Porn parodies occupy an interesting space in the United States regarding copyright. While fandom is overtly familiar with the careful way fanfilms are made, porn parodies face a different treatment.

However, Brain’s films – including a Star Wars parody that generated not a word of complaint from Lucasfilm (Stuart 2013) – demonstrate that ’celebrating the story the way it is’ and skirting intellectual property laws by selling the work for profit is possible under the protective umbrella of parody.

Dru Jeffries (2016): This looks like  a blowjob for Superman: servicing fanboys with superhero porn parodies, Porn Studies, DOI: 10.1080/23268743.2016.1196118 p3
Stuart, Tessa (2013): ’When Fanfic Becomes Porn.’ Buzzfeed, June 7.

The line here that this law draws between parody and a non-parody work is even more interesting when comparing two movies that both contain explicit sex scenes.

Ultimately, the only salient differences between Fifty Shades of Grey: A XXX Adaptation and Braun’s parodies lie in their self-categorization – adaptation vs. parody – and the status of sex in the original narrative: since Fifty Shades already has explicit sex in the original novel, hardcore representations thereof in the pornographic version do not represent a parodic addition.

Dru Jeffries (2016): This looks like  a blowjob for Superman: servicing fanboys with superhero porn parodies, Porn Studies, DOI: 10.1080/23268743.2016.1196118 p7

While pornographic fanfilms are not known yet, fanworks representing explicit sex are common. Prose, visual art, and of course so-called podfics (audonarratives). The latter feels especially relevant to the comparison. As Olivia Riley Johnston points out,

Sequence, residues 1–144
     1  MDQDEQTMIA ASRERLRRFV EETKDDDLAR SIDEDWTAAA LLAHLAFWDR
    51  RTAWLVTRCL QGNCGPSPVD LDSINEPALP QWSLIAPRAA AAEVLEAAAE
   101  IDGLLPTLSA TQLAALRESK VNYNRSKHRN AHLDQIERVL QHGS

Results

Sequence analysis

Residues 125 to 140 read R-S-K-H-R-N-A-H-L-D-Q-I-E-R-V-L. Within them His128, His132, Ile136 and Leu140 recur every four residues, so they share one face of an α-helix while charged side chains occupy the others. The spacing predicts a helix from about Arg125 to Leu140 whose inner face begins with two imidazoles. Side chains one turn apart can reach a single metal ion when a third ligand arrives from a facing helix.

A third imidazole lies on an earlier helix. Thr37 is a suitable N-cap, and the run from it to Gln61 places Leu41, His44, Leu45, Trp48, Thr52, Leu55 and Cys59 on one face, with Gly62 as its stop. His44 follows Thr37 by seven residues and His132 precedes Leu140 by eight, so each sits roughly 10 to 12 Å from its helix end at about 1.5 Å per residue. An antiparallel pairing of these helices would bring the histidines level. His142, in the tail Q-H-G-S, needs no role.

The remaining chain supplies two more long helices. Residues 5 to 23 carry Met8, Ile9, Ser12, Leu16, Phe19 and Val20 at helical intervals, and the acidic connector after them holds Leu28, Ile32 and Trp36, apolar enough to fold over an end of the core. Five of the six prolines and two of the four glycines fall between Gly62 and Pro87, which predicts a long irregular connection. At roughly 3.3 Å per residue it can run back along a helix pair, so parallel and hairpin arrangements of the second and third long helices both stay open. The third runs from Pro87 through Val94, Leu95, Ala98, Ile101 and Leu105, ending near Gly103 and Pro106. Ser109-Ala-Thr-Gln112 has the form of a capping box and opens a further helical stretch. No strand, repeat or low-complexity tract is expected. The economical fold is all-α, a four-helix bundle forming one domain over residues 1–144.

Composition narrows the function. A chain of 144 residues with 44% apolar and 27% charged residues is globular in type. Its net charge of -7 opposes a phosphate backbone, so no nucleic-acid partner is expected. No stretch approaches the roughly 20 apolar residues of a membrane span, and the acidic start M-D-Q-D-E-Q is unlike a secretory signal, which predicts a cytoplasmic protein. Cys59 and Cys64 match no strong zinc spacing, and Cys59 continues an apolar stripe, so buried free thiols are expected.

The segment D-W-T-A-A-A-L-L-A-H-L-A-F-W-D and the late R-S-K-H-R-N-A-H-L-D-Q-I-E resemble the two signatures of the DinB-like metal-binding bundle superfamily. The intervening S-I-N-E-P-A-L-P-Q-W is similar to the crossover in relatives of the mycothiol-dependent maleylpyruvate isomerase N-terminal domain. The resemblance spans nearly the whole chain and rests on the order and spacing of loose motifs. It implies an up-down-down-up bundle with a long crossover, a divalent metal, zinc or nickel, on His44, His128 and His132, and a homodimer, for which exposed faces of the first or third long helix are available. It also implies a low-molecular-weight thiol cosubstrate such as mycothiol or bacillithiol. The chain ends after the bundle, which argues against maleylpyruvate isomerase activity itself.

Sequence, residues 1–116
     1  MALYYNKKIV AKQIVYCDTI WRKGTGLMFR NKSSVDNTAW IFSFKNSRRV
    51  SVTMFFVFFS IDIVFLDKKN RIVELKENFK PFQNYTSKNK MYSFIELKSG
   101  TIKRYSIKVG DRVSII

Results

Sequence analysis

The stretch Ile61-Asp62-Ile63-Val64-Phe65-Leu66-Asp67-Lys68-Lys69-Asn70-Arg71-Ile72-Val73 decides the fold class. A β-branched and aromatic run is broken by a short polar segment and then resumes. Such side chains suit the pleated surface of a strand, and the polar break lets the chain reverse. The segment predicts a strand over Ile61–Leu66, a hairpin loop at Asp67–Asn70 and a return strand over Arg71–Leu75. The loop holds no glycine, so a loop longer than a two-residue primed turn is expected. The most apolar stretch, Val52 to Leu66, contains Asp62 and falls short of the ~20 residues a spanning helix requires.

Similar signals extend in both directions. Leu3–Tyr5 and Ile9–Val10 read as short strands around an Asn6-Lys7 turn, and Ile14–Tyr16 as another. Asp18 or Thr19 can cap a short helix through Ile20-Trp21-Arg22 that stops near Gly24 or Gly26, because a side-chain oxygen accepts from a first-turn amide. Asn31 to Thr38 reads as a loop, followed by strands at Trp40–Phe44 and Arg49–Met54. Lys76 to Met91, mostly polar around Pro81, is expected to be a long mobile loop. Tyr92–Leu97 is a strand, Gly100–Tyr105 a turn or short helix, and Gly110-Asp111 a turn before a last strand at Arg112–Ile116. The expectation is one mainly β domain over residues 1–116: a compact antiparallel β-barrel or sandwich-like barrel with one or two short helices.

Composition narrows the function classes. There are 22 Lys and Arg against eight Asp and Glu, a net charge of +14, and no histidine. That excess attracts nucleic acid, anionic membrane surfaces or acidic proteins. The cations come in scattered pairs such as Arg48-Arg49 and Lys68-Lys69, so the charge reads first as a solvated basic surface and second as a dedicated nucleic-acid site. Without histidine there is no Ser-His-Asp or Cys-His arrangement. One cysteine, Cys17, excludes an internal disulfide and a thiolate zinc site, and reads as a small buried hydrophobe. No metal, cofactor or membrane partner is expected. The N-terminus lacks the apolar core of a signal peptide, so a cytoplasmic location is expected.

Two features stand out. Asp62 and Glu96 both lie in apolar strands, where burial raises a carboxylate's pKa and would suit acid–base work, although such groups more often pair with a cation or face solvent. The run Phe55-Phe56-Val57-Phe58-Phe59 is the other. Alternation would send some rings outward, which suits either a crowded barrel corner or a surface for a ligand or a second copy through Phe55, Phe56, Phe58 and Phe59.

the body does not disappear in digital fan works but instead remains salient, especially in podfic. In podfic, the voice pointedly reminds listeners of the bodies and identities behind the creation of fan works posted online.

Riley, Olivia Johnston. 2020. “Podfic: Queer Structures of Sound.” Transformative Works and Cultures, no. 34.

There is a clear difference, though, in the production of these movies and fanworks as podfics operate within the framework of gift economy, while parody creators such as Braun have a different relationship with copyright,they still have to produce for the market economy. These different economic circumstances shape the entire process of creation of these artworks as there isn’t an employer-employee relationship between any of these creators. Their relationship might be more adequately described as gift giver and gift recipient because the fanfictions are gifts from the author to the community, including the podficcer, and the podfic recording is a gift from the podficcer to the community, including the author.

Reciprocation of these gifts may take a number of forms, both tangible (other art objects, feedback for the creator) and intangible (attention, recognition, status).

Turk, Tisha. 2014. “Fan Work: Labor, Worth, and Participation in Fandom’s Gift Economy.” In “Fandom and/as Labor,” edited by Mel Stanfill and Megan Condis, special issue, Transformative Works and Cultures, no. 15.

What do you think these copyright laws say about how a certain country sees parody, adaptation and fanfiction?

Fanfiction’s doppelgänger (from the market universe)
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